The Strange Lockdown Life of Alice Henry

Ann Oakley

Published by Linen Press 25 January 2022

266pp, paperback, £10.99

Reviewed by Zoë Fairbairns

Click here to buy this book


Alice is 74 years old, and in good health. She’s hoping to keep it that way, in spite of the pandemic raging around her. She spends long hours of lockdown thinking about death, not just her own (whenever and however it may occur), but also that of an early twentieth-century women’s rights campaigner called Maud Davies whose body was found in a railway tunnel in 1913, beheaded and stabbed, in a crime for which no one was ever convicted.

Shielding at home, Alice searches for the truth about Maud’s grisly end by Googling her way, on her laptop, through ancient railway timetables, census returns, feminist campaigning materials and crime reports. Other tasks include correcting the grammar of present-day academics for whom she works as a freelance copy-editor. It’s a service of which they stand in sore need, if the examples Alice wrings her hands over are anything to go by. (If one of her professors were to write that, she would probably correct it to ‘anything by which to go’. Come to that, she would probably also prefer ‘over which she wrings her hands’.)  You see? It’s catching, just like Covid, or the BV, Bloody Virus, as she calls it.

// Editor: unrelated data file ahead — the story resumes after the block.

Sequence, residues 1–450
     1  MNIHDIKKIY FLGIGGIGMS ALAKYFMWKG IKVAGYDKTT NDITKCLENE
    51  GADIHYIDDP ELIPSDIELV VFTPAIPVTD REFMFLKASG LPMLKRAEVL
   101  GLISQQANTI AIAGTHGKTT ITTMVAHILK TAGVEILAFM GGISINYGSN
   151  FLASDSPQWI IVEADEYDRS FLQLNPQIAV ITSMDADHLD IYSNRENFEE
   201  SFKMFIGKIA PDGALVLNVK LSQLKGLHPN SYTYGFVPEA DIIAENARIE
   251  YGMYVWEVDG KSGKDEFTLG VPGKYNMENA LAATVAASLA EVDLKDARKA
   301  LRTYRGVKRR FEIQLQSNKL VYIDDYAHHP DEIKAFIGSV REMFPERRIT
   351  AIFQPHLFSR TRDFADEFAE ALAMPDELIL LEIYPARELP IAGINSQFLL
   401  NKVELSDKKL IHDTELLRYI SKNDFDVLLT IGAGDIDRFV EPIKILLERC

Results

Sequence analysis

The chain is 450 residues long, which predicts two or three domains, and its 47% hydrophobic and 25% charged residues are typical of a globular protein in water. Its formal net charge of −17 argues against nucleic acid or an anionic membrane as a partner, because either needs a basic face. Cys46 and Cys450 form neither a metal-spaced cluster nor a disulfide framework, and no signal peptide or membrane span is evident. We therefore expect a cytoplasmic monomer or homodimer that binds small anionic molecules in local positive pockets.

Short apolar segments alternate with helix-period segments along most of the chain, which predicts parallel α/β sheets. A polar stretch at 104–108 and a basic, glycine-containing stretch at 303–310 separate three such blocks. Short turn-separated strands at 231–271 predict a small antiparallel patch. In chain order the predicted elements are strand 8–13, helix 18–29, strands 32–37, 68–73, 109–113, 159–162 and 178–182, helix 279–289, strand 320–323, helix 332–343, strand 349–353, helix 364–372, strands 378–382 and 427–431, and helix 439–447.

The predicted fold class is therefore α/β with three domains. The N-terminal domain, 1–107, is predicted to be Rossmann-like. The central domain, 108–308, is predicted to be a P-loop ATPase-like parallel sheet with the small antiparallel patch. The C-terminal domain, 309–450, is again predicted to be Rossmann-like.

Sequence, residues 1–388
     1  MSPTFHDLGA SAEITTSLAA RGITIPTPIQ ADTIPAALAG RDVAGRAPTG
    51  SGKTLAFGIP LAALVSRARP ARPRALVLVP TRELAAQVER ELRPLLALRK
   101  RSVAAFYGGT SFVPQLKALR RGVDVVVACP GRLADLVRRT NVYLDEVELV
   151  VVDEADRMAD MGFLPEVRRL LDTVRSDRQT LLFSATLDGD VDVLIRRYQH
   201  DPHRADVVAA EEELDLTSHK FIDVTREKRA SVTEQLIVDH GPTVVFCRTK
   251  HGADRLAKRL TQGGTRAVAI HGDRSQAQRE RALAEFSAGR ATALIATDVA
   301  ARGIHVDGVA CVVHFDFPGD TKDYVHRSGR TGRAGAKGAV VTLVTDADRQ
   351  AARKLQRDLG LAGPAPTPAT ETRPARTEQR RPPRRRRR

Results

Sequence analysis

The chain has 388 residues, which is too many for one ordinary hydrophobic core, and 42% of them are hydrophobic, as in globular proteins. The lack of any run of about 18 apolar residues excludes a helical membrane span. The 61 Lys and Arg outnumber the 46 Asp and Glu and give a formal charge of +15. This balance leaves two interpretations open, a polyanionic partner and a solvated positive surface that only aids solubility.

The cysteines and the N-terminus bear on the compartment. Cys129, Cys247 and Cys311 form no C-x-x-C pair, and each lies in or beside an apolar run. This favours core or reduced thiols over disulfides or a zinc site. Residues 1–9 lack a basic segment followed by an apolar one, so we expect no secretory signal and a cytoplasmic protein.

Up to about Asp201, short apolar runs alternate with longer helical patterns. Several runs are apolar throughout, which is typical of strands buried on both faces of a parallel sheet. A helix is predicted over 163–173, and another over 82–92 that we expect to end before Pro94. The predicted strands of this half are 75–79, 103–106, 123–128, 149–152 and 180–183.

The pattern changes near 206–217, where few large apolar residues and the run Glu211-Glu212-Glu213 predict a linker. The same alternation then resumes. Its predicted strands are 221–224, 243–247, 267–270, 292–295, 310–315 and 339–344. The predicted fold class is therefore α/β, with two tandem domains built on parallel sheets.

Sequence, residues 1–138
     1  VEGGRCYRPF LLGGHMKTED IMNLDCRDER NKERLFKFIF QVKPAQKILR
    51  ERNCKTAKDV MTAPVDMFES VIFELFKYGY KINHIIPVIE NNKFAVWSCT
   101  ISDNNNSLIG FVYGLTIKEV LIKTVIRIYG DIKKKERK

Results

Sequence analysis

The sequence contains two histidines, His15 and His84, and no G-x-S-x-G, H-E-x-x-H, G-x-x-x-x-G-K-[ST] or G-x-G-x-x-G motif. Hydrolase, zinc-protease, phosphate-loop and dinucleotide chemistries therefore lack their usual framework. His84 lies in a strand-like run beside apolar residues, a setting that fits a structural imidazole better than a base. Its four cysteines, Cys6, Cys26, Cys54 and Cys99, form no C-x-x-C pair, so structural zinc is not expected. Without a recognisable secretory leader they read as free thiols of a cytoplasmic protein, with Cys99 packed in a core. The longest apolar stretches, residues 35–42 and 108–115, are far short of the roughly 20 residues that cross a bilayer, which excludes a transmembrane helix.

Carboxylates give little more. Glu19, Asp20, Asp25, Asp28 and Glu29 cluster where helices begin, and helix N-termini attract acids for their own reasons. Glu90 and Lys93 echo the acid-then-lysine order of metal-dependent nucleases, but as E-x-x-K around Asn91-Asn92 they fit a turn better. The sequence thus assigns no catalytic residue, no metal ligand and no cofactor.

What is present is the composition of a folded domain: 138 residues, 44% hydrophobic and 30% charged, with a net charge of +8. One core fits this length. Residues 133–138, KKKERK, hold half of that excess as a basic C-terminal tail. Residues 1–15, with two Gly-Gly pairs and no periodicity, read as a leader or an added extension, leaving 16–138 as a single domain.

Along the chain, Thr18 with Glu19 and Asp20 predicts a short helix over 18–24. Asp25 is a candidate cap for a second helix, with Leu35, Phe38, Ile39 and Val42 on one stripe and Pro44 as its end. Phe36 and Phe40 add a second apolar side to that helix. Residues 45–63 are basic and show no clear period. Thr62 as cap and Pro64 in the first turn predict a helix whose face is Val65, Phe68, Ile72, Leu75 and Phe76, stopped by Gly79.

Alice is aware of the social-distancing rules she is expected to follow, and the possible risks of not doing so, but she has friends to see, a far-flung family to keep tabs on, a part-time job in a bookshop, and a male customer with whom she is hoping to go to bed. And then there is what she refers to as ‘body housework’  – the non-virus-related medical encounters with dentists, opticians, physiotherapists, all masked, gloved, sanitized, asking questions about foreign travel, waving thermometers and taking away her handbag to lock it in a box. Isolation is hard work.

As is historical research about people who lived and died long ago and in relative obscurity. Apparently quite a lot of women were murdered on trains in the early twentieth century, sometimes by complete strangers who saw a perfect opportunity in the confined carriages and the easy escape routes from stations.  Maud might have been one such victim. Or her feminist activism might have caught the hostile attention of sex traffickers who wanted to shut her up.

Alice’s suspicions, obsessions, fears, amusement and neediness interweave on the pages of Ann Oakley’s account of what all of us have in our different ways been going through, are still going through. One of the strangest things about Ann Oakley’s book is that use of the word ‘strange’ in the title – as if everyone else’s lockdown life is normal. But nothing’s normal any more. Perhaps the day will come when Alice and her factual equivalents will be historic figures for future historians and fiction writers to track down and speculate about. In the meantime, The Strange Lockdown Life of Alice Henry is oddly comforting, with lots to smile and nod at, alongside the stuff that makes you cringe and rage and shudder.



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